A top adviser to Hillary ClintonHillary Diane Rodham ClintonState Dept: Russia’s allegations about American citizens ‘absolutely absurd’ Trump on possible sit-down with Mueller: 'I've always wanted to do an interview' Election Countdown: Senate, House Dems build cash advantage | 2020 Dems slam Trump over Putin presser | Trump has M in war chest | Republican blasts parents for donating to rival | Ocasio-Cortez, Sanders to campaign in Kansas MORE is accusing Bernie SandersBernard (Bernie) SandersElection Countdown: Senate, House Dems build cash advantage | 2020 Dems slam Trump over Putin presser | Trump has M in war chest | Republican blasts parents for donating to rival | Ocasio-Cortez, Sanders to campaign in Kansas House Dems launching Medicare for All Caucus Let's remove the legal shield from hackers who rob us of our civil rights MORE of running the “most negative” Democratic primary campaign in history.

“I think, in fact, he’s probably running the most negative campaign of any Democratic presidential candidate … in a presidential primary season, yes,” said Joel Benenson, Clinton’s senior campaign strategist.

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“He’s running fundamental attacks and he’s going out on the stump and raising issues about her personally and her character and [that] of other Democrats as well,” he continued on CNN.

“I think he’s kind of ‘feeling the Bern’ as he’s getting more scrutiny,” Benenson added, mocking a slogan used by supporters of the Vermont senator.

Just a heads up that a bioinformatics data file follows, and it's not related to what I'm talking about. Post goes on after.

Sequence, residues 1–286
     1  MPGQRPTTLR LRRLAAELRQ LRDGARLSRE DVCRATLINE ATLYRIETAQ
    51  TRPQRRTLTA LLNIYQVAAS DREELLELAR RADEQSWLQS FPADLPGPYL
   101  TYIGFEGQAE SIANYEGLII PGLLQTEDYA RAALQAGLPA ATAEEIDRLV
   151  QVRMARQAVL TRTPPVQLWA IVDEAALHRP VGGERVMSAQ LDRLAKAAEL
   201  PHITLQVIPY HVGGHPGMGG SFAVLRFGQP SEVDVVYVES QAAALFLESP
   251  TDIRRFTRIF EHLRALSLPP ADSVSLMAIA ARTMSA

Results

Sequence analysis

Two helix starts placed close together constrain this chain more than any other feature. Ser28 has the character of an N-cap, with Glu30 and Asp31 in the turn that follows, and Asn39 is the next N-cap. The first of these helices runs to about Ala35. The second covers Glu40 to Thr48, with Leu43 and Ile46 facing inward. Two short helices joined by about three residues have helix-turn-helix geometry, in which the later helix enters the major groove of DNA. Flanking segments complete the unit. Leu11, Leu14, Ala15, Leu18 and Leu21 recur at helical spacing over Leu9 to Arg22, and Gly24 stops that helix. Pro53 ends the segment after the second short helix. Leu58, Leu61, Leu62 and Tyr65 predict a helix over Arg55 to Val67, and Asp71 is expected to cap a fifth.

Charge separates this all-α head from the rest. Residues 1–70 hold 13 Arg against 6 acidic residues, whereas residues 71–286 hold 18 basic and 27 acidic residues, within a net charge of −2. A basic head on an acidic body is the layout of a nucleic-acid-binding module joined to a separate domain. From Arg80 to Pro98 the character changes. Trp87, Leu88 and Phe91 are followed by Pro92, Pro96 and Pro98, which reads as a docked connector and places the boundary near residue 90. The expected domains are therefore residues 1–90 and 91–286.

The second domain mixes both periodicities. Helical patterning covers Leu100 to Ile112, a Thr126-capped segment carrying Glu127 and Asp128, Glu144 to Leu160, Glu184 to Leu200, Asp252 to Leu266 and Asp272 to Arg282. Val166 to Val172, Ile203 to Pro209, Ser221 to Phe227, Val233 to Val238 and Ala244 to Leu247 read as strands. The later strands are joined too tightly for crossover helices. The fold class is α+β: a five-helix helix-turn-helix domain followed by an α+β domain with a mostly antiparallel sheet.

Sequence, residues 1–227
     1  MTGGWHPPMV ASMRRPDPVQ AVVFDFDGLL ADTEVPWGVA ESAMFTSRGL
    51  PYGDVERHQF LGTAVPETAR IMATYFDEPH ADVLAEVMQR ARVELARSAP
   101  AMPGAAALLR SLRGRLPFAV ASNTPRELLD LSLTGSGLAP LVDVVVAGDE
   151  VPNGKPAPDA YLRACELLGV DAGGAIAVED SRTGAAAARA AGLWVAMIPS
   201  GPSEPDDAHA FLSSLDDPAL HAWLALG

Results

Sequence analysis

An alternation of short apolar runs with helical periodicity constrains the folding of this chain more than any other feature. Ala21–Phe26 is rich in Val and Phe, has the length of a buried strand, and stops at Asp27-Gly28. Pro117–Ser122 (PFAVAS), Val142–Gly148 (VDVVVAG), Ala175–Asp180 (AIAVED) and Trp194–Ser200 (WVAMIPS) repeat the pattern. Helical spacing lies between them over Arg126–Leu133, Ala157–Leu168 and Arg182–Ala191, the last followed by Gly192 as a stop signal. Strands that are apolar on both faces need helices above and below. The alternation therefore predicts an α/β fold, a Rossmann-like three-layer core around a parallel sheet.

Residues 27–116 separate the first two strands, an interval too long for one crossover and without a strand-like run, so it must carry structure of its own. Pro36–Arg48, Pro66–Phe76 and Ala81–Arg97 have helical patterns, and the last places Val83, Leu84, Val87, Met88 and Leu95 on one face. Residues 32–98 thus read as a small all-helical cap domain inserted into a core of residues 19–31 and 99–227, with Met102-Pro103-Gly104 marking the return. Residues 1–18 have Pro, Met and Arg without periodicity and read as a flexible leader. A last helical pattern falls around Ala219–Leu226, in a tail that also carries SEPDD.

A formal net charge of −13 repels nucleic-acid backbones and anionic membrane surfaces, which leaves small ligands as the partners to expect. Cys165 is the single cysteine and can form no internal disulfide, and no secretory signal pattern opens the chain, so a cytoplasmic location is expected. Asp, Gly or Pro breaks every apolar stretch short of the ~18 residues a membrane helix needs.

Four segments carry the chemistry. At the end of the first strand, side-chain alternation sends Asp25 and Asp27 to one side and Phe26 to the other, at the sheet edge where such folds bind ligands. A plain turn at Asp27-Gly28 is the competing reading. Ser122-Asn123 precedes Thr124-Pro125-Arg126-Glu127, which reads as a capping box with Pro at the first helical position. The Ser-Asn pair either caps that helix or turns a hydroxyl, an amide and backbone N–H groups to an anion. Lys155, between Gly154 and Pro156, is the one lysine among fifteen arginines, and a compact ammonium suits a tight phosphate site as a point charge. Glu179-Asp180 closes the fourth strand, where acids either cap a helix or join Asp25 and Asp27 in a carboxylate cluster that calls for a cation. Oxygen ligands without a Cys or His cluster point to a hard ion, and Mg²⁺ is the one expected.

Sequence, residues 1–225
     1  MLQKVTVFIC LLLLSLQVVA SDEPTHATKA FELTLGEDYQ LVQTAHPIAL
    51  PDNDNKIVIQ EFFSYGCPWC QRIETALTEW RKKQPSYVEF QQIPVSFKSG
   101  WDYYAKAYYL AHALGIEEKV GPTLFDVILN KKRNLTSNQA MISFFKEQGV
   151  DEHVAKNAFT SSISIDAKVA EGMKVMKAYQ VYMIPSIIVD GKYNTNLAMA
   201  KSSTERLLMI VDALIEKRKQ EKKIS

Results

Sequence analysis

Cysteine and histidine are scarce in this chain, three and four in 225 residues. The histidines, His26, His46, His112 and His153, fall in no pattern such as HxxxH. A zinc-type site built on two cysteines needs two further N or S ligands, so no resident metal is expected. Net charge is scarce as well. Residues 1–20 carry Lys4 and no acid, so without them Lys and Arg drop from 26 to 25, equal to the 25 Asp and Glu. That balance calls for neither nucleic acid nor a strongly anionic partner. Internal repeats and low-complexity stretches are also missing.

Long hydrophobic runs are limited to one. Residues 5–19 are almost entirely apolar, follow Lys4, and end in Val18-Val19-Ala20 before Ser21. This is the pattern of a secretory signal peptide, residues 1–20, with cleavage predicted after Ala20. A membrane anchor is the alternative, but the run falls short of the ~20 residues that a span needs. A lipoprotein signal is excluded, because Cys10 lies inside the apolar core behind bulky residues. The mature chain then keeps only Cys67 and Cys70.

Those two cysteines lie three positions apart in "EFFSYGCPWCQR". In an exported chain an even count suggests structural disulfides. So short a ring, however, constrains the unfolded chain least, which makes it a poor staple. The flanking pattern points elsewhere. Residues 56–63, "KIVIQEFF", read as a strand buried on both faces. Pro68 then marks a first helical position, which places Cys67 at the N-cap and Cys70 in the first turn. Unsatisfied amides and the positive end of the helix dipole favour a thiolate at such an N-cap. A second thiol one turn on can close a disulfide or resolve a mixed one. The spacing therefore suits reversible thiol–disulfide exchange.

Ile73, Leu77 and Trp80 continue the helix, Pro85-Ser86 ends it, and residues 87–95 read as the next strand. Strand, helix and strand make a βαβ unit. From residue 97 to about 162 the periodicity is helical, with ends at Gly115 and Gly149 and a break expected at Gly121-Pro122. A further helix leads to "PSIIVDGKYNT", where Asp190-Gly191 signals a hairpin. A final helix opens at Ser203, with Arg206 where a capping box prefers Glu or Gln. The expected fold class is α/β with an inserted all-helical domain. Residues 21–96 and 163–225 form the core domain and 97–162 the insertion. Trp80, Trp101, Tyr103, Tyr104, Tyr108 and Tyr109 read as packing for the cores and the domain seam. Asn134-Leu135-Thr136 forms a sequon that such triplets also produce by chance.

“It seems like once you’re not with him, you become a vocal point of his attacks. I do think it’s been extremely negative and I think it’s unfortunate.”

Benenson, formerly a top pollster to President Obama, said he doesn't recall the 2008 race being as contentious.

“I was on [President] Obama’s side then,” he said. "I don’t think we had the range of negativity on either side.”

Sanders has repeatedly vowed his campaign would reject personal attacks.

He is sharpening his criticism of Clinton, however, as he runs close with the Democratic front-runner in crucial early voting states.

Clinton leads Sanders by only 2.5 points in Iowa before its first-in-the-nation caucuses on Monday. He has a solid lead in New Hampshire, holding a 14-point lead over Clinton in the state.

The former first lady has the edge nationwide, however. Clinton has a nearly 15-point lead over Sanders across the country, according to the latest RealClearPolitics average of polls.